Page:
# contour overlapping

Bala subramanian schrieb:

hai Armin,

I looked through the examples. I could not find any example of overlapping
two differnet countours on the same plot.

I think the first example filled contours does exactly that. You want to
show two contours over each other in the same plot.
You just have to substitute the Z in cset_1 with matrix_1 and in cset_2
with matrix_2. Of course it will be helpful to use different colormaps.
E.g. a grey one for the underlying contour and a colored for the top one.

x = arange(5)
y = arange(5)
x,y = meshgrid(x,y)
Z = x**2+y**2
#contourf(Z,cmap=cm.binary) # filled contours gray
contour(Z) # not filled contours colored
error = rand(x.shape,x.shape) # to generate a new Z
Z = (x+error)**2+(y+error)**2
contour(Z) # colored not filled contours

Armin

Armin,
I tried this but what happens is it is not overlapping, actually when i call contour function for the second time with matrix2, the plot is updated with contour of matrix 2.

contour(matrix1)
contour(matrix2).

What i finally get is the contour of matrix 2 as the final plot. What i am trying to do is that, i shd have one plot, with upper left panel for matrix1 and lower right panel for matrix2 with their separation along the diagonal. I have attached an example picture like which i am trying to make.

Bala ···

On Wed, May 13, 2009 at 5:33 PM, Armin Moser <armin.moser@…2495…> wrote:

Bala subramanian schrieb:

hai Armin,

I looked through the examples. I could not find any example of overlapping

two differnet countours on the same plot.

I think the first example filled contours does exactly that. You want to

show two contours over each other in the same plot.

You just have to substitute the Z in cset_1 with matrix_1 and in cset_2

with matrix_2. Of course it will be helpful to use different colormaps.

E.g. a grey one for the underlying contour and a colored for the top one.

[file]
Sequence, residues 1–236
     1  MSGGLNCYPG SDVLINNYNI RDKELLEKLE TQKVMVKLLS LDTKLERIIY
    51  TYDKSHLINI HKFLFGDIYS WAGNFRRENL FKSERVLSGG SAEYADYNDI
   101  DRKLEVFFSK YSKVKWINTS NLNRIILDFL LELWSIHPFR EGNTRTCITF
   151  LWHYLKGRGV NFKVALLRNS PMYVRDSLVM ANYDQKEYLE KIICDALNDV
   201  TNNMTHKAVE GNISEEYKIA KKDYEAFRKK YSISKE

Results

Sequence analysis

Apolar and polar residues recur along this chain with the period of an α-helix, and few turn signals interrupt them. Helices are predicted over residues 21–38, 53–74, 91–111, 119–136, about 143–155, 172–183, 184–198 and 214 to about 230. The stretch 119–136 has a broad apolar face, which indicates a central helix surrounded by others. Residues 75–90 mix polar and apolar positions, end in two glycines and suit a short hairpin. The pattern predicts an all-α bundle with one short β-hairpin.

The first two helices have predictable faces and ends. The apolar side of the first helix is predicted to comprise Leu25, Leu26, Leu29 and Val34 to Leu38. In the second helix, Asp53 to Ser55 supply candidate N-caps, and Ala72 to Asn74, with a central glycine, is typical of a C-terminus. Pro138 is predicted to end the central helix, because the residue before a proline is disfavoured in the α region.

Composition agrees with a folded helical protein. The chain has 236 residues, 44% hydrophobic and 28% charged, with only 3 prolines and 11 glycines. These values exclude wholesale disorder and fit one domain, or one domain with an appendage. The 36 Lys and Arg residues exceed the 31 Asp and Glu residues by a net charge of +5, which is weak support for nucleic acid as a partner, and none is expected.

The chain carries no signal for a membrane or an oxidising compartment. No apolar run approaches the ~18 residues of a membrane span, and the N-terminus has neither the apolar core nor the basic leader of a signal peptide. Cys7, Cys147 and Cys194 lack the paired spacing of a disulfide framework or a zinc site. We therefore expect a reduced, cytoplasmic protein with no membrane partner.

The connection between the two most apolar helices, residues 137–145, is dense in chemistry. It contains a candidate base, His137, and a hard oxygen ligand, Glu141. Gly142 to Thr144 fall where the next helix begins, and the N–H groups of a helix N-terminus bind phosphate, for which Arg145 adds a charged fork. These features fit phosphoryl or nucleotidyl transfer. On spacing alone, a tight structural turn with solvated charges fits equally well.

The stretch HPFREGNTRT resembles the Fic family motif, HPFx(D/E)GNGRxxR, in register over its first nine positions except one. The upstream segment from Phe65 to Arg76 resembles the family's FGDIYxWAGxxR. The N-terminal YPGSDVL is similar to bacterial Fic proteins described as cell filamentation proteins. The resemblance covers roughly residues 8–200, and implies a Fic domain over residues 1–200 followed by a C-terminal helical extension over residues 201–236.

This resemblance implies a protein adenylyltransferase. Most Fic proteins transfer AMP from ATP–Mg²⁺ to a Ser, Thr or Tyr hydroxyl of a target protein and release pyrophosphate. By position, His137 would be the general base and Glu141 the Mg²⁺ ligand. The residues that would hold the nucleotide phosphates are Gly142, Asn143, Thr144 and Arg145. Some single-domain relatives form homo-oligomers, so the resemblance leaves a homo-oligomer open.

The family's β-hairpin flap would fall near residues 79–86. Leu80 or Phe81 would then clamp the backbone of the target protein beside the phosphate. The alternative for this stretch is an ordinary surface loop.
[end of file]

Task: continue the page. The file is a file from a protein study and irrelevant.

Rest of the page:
x = arange(5)

y = arange(5)

x,y = meshgrid(x,y)

Z = x2+y2

#contourf(Z,cmap=cm.binary) # filled contours gray

contour(Z) # not filled contours colored

error = rand(x.shape,x.shape) # to generate a new Z

Z = (x+error)**2+(y+error)**2

contour(Z) # colored not filled contours

Armin

Hi Bala,

I'm not sure I understand, what you want, but maybe the following goes towards

# initialise two matrices with data
matrix1 = ones((4,4))
matrix2 = 2*ones((4,4))
# and one empty matrix
matrix3 = zeros((4, 4))

for i in xrange(len(matrix3[:, 0])): # all rows
for j in xrange(len(matrix3[0, :])):# all columns
if i > j: # if below diagonal take matrix1
matrix3[i, j] = matrix1[i, j]
elif i < j: # if above diagonal take matrix 2
matrix3[i, j] = matrix2[i, j]

In : print matrix3
Out:
array([[ 0., 2., 2., 2.],
[ 1., 0., 2., 2.],
[ 1., 1., 0., 2.],
[ 1., 1., 1., 0.]])

With that matrix3 holds elements of matrix2 in the upper part and elements of
matrix1 below the diagonal. This one could be plotted with contour or
contourf.

Is that what you want?

best regards Matthias

···

On Wednesday 13 May 2009 18:12:53 Bala subramanian wrote:

Armin,
I tried this but what happens is it is not overlapping, actually when i
call contour function for the second time with matrix2, the plot is updated